Feb. 10, 2011
At A Glance
UI vision researcher receives grant to study inflammatory eye disease
Vinit Mahajan, M.D., Ph.D., assistant professor of ophthalmology and visual sciences at the University of Iowa Carver College of Medicine, has received a five-year, $1.2 million Mentored Clinical Scientist Research Career Development Award from the National Institutes of Health.
The award is designed to prepare qualified individuals for careers that have a significant impact on the health-related research needs of the nation.
Mahajan will use the funding to identify genes involved in diseases that cause retinal degeneration, and to study inflammatory eye disease, specifically a disease called autosomal dominant neovascular inflammatory vitreoretinopathy (ADNIV). Identifying specific gene mutations for ADNIV, which is an autoimmune disease of the eye, should advance understanding of the basic mechanisms of eye immunology.
For information about Mahajan's laboratory, visit http://mahajanlab.org/.
UI doctor to speak about Haiti experiences at ‘Finding God’ forum Feb. 11
At the next “Finding God at Iowa” lunch forum, Dr. Chris Buresh will discuss his work running medical clinics in Haiti after the recent earthquake, and how it has impacted his faith. His talk will be from noon to 1 p.m. Friday, Feb. 11, in the Illinois Room (Room 348) of the Iowa Memorial Union.
Buresh is clinical assistant professor and associate residency director of the Department of Emergency Medicine at the University of Iowa Hospitals and Clinics. His experiences and work in Haiti are described in this recent article http://www.uiowa.edu/be-remarkable/portfolio/people/buresh-c.html.
The “Finding God at Iowa” Lunch Forum series, sponsored by Geneva Campus Ministry, meets once a month during the regular school year. Christian faculty, staff and students speak on how their faith shapes their lives, their work and their perspectives on university and social issues.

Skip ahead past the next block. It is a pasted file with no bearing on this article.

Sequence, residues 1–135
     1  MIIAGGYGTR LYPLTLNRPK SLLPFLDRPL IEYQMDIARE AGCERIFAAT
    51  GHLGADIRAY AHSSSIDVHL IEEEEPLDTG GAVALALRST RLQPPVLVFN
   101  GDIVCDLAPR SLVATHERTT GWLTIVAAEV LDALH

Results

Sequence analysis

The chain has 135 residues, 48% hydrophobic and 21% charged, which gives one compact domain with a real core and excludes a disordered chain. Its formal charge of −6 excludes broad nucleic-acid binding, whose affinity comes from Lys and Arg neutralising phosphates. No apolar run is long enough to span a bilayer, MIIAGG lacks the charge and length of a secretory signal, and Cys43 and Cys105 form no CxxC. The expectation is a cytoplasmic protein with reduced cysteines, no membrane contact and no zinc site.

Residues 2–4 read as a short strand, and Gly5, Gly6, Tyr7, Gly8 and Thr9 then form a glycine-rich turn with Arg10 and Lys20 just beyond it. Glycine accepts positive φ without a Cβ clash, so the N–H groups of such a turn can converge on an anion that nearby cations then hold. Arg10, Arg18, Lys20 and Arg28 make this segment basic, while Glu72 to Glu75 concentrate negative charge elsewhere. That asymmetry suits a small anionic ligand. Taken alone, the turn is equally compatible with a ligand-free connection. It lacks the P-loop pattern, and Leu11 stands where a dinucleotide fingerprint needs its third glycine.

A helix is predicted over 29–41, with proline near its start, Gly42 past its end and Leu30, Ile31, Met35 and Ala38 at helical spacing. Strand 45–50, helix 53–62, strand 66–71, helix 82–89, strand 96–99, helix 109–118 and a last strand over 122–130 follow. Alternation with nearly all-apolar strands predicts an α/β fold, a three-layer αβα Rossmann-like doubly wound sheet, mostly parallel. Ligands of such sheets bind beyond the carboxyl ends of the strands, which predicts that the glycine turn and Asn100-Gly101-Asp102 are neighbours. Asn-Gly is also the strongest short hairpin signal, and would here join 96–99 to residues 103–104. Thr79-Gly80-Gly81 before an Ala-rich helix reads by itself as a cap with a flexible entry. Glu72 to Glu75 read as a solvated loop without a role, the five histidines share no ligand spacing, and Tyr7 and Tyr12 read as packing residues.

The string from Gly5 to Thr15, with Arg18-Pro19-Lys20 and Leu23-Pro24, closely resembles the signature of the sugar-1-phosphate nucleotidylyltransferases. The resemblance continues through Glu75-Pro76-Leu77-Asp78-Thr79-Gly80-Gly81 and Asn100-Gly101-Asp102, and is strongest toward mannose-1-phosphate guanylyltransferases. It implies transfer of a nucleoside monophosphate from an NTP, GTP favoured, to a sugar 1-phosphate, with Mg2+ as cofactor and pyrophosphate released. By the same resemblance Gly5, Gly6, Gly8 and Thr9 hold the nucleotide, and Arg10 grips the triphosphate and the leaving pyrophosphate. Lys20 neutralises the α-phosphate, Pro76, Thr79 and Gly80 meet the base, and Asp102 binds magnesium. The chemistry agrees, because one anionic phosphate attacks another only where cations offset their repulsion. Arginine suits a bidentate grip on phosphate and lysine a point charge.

‘Origins of the Love Duet’ explored in Feb. 17 opera lecture
UI anthropologist explores how Native Americans adapted to climate change
This month’s Explorers Lecture at the University of Iowa Museum of Natural History, set for 7 p.m. Thursday, Feb. 17, will examine how Native Americans on the Great Plains adjusted their hunting practices in reaction to climate change over the past 13,000 years
Assistant Professor Matthew Hill of the UI Department of Anthropology in the College of Liberal Arts and Sciences will address the changing nature of human-animal relationships through an analysis of information from archaeological sites spanning the duration of humans living on the Great Plains. The lecture, “Hunting in a Sea of Grass: Subsistence Responses to Climate Change by Native American Great Plains Hunters” will consider how environmental change combined with development of new technologies, agriculture and the bow and arrow, affected native peoples' hunting activities and meat-based diet.
Hill's research spans from Ice Age bison hunting in the Great Plains to 15th century farmers in the deserts of the American Southwest. A common theme of his work seeks to understand how populations who continually move across the landscape find creative ways of making a living. See http://www.uiowa.edu/~anthro/MatthewHill.shtml for more about Hill.
UI emeritus faculty member Lewis-Beck reads from new academic farce
Michael S. Lewis-Beck, F. Wendell Miller Distinguished Professor Emeritus in the University of Iowa Department of Political Science, will read from "Death Walks the Riviera," his new academic farce, at 7 p.m. Tuesday, Feb. 22, in Prairie Lights Books. The University of Iowa's Writing University website, http://www.writinguniversity.org, will stream the reading live and then add it to the archive.
In addition to his academic works, Lewis-Beck has been published in Albatross, the UI Daily Palette, Pennine Ink, the Penwood Review, the Poet's Ink Review, Stepping Stones Magazine, Waterways, the Wapsipinicon Almanac and the Wild Goose Poetry Review.
The book was published by the local Catstep Press, a private publisher operated by Lewis-Beck's spouse, UI Center for the Book (UICB) adjunct faculty member Sara Sauers, a UI journalism alumna. In 2002 she received the Carl Hertzog Award for Excellence in Book Design for her work on No Shortcuts: An Essay on Wood Engraving by Barry Moser, produced by the UICB.